Notes to pages 47-57 32 The whole-tone scale is entirely formed from intervals of the major second, and has two forms: C-D-E^H3«-Att, and Dl-E^-F-G-A-B. 33 A rather similar 'chorale-like' passage is found in the fourth movement of the Sixth String Quartet (bars 40-5). 34 Lenoir, Folklore et transcendance, p. 358. The English translation of the text reads: Come thou of man the Saviour, Thou child of a virgin born, Mortals over all the world, yea, Marvel at Thy holy birth. 35 The correspondences are even closer if the quaver neighbour-notes are ignored. 36 The Ek,-Al>2-A2-D3 figure initiated by the cello is called the Z cell by Antokoletz, The Music ofBela Bartok, pp. 71-2 (in this case Z-3/9) - the term originally deriving from Leo Treitler. 37 Downey, La musique populaire, pp. 146-7. The passage also recalls the music associated with the 'Lake of Tears' (the sixth door) from Duke Bluebeard's Castle. 38 These arpeggios articulate chords which are called hypermajor or hyperminor respectively by Lendvai, The Workshop of Bartok and Koddly, pp. 409-14. 39 The timpani parts are unusual in that the timpanist is instructed to simultaneously play rolls on two timpani rather than a roll between them. 40 Aeolian E, Lydian F, acoustic G, Phrygian Gt, acoustic G, Locrian B, Ionian C, Mixolydian D, and Aeolian E. 41 Del Mar, Anatomy of the Orchestra, notes the ambiguity of Bartok's notation - the slurred pairs of semiquavers are normally played as a glissando from the first to the second, but this is not clear from the score. 42 Lenoir, Folklore et transcendance; p. 336. My translation. See, for instance, Bartok's Rumanian Folk Music, vol. V (Maramures County), 20a, p. 54, whose text is: From the road that you have taken There is no hope of returning. Where they are about to put you, There's no plowing and no carting, Neither blows the summer wind; There's no tilling with the plow, Nor will wind upon you blow. (p. 211) 43 This chord contains the notes Gfl-Cfr-B-Ft-Bk-Ek 5 Synopsis II 1 Dorati, 'Bartokiana', p. 12. 2 The German Stiefeltrager could equally mean 'tankard carrier'. Stiefel means both boot and boot-shaped tankard. 3 Presumably the trombone glissandi bars 90-1. 4 F. Fricsay, Uber Mozart und Bartok, Edition Wilhelm Hanson (Copenhagen and Frankfurt am Main, 1962), pp. 59-61. My translation assisted by Peter Franklin. 5 Lenoir, Folklore et transcendance, p. 348. My translation. 6 Downey, La musique populaire, p. 404. 7 These five notes can also be seen as being extracted from an acoustic scale on E or from B major. 8 Lenoir, Folklore et transcendance, p. 432. 9 Bartok uses pedal timpani to provide the bass line in this section, requiring considerable skill from the performer, for as Del Mar, Anatomy of the Orchestra, suggests, he seems to have taken little care sorting out the logistics of the pedalling. 10 Lendvai, The Workshop of Bartok and Koddly, p. 656.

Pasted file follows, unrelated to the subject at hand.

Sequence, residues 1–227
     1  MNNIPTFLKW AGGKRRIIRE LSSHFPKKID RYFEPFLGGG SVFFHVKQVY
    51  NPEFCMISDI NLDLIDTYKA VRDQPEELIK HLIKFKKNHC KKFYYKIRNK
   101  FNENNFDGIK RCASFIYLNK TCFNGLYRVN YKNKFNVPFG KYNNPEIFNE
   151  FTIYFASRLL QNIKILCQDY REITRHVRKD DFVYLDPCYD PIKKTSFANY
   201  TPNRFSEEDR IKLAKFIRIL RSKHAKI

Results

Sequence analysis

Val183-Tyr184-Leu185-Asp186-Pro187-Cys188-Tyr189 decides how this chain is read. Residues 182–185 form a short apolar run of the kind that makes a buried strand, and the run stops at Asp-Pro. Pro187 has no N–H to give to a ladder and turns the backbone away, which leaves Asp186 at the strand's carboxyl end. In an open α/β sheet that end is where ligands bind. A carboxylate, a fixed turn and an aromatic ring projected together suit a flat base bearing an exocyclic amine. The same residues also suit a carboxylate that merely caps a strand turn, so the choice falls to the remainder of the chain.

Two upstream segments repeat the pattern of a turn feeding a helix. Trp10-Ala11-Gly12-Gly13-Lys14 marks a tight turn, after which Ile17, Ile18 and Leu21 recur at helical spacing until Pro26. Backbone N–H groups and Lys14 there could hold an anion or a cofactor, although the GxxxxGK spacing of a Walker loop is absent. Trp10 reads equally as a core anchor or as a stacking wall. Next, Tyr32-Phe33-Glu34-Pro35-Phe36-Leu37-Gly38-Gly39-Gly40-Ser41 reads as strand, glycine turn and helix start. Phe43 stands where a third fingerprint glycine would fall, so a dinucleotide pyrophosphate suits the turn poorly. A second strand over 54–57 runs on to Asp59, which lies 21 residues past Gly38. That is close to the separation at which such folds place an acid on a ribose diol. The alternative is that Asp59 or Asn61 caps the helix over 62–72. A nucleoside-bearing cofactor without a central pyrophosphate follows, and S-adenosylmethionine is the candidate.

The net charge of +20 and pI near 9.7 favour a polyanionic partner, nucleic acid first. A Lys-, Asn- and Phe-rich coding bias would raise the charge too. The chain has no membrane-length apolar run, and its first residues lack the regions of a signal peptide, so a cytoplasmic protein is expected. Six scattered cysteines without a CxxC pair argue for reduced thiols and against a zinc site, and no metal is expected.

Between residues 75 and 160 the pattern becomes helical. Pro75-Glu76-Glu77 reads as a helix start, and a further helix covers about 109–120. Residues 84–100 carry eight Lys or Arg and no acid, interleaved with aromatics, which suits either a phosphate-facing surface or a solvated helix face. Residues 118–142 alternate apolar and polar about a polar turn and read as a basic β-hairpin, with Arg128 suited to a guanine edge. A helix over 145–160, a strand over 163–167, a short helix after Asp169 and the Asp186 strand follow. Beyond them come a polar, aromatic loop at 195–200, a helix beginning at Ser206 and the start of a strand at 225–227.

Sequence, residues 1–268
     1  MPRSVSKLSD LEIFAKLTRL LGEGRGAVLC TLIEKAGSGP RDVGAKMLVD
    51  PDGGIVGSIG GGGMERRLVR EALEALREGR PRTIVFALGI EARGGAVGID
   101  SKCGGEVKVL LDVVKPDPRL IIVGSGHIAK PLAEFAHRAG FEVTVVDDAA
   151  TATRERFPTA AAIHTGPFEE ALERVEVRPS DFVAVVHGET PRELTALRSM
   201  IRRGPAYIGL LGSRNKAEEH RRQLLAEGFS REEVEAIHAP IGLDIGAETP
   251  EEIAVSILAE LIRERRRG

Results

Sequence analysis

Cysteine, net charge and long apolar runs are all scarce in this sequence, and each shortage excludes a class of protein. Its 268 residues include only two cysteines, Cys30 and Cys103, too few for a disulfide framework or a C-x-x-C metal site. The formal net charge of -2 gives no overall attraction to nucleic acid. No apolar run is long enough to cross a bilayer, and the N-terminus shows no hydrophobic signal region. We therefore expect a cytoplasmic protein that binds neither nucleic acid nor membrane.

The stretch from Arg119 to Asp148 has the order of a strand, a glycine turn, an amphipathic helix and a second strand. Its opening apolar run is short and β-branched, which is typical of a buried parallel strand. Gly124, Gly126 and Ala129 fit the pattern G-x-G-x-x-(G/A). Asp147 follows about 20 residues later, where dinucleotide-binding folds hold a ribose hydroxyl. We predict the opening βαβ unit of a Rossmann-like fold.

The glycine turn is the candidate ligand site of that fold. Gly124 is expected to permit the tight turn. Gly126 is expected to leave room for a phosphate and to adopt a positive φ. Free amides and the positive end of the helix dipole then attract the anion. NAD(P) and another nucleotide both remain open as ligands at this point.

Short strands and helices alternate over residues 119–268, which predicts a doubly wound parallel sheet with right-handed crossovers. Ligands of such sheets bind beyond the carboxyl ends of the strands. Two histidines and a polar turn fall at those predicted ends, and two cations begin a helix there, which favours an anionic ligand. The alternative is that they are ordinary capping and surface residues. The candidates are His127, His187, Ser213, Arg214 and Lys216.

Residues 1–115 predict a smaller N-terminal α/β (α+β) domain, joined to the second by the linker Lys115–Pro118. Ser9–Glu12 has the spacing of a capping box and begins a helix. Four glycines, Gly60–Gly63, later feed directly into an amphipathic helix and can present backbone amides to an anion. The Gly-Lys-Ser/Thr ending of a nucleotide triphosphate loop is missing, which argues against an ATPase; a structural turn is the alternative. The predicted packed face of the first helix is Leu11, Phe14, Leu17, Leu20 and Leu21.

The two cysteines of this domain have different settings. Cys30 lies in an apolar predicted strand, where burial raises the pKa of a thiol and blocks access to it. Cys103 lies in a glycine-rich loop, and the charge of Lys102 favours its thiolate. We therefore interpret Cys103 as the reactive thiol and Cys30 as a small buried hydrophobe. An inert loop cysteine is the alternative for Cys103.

Notes to pages 57-70 11 First performed in the United States on 19 July 1942 by the NBC Symphony and Toscanini. 12 It may be, as Bonis suggests in his article 'Quotations in Bartok's music', pp. 355-82, that Shostakovich was himself parodying the Lehar melody. Given Koussevitzky's admiration for Shostakovich, it seems particularly odd that Bartok should choose to lampoon the Seventh Symphony. 13 For this and many of the other folk-references in this chapter see Lenoir, Folklore et transcendance, pp. 371-421. According to Bartok {Rumanian Folk Music, vol. V, p. 23) this instrument is called the tulnic in this region. 14 Lenoir, Folklore et transcendance, p. 395. It is also similar to the Jocul fecioresc (161c) from Rumanian Folk Music, vol. V, p. 147. 15 Bartok even adopts the instrumental technique of repeating notes on the open strings whilst playing a melodic line (see second violin lines, bars 36—43). 16 The initial set of pitches can also be seen as an acoustic scale on A (A-[B]-Ct-Dfr-E-FiM3). 17 A dance of the Romanians of southern Bihor which literally translates as 'mincing'. Bartok's description of the dance appears in Rumanian Folk Music. 'The boy and the girl stand opposite each other, the boy dancing as if performing a solo dance. . . . The girl, however, performs neither steps nor motions; she does not even look at her beau and seems rather annoyed by all this "showing off". One wonders whether this peculiar behaviour of girls may not be the remains of a very ancient village etiquette, according to which the girl has to show a neutral or concerned - if not an averse or contemptuous - air in the face of any attempted courting by the boy', pp. 40-1. Fassett describes Bartok's attempt to teach her the dance. 18 Except for one note, the B\> in the penultimate bar. 19 Balinese music also influenced piece number 109, from vol. IV of Mikrokosmos From the Island of Bali. See BBLy p. 319, for a concert programme including the McPhee transcription. 20 Lenoir, Folklore et transcendance, p. 393. 21 This melody can also fruitfully be compared to the Jocul nepoatelor or 'granddaughters' dance' of Maramures county. See, for example, Rumanian Folk Music, vol. V, p. 171. 22 The complete sequence would have been C-AMj-EI^D-Bk-A-F, but Bartok reverses the last two pitches. 6 Musical analysis 1 BC, p. 527; Elliott Antokoletz, 'Concerto for Orchestra'. 2 Part of a Phrygian F mode, which emerges forcefully in the continuation of the theme in bars 86-91. 3 The octatonic scale this segment is derived from is A-B-C-D-Elr-F-Gk-Ak 4 Adorno remarks that during a conversation with him in New York, Bartok told him that 'a composer like himself, rooted in "folk music", would in the end be unable to do without tonality - a surprising statement for a man like Bartok who, in the political sphere, had resisted so successfully any nationalist temptations and had chosen exile and poverty at a time when Europe was plunged into Fascist darkness' (Adorno, 'Modern music is growing old', p. 20). 5 Wilson, The Music of Be la Bartok, p. 187. 6 Ibid, p. 186. 7 See ibid, pp. 203-8, for a detailed discussion of the theoretical problems with Lendvai's justification of the axis system. 8 BBE (54), 'Analysis of the Fifth String Quartet' (1935), p. 414. In his analysis of the Music for Strings, Percussion and Celesta he describes El as the 'remotest key'. In terms of the cyclic progression of the entries of the subject, it literally is the remotest, for all other 'keys' have been traversed on the way to it. It is not clear that Bartok regards it as being remotest tonally from this statement. 9 Lendvai, 'Remarks on Roy Howat's "Principles of proportional analysis" ', p. 257.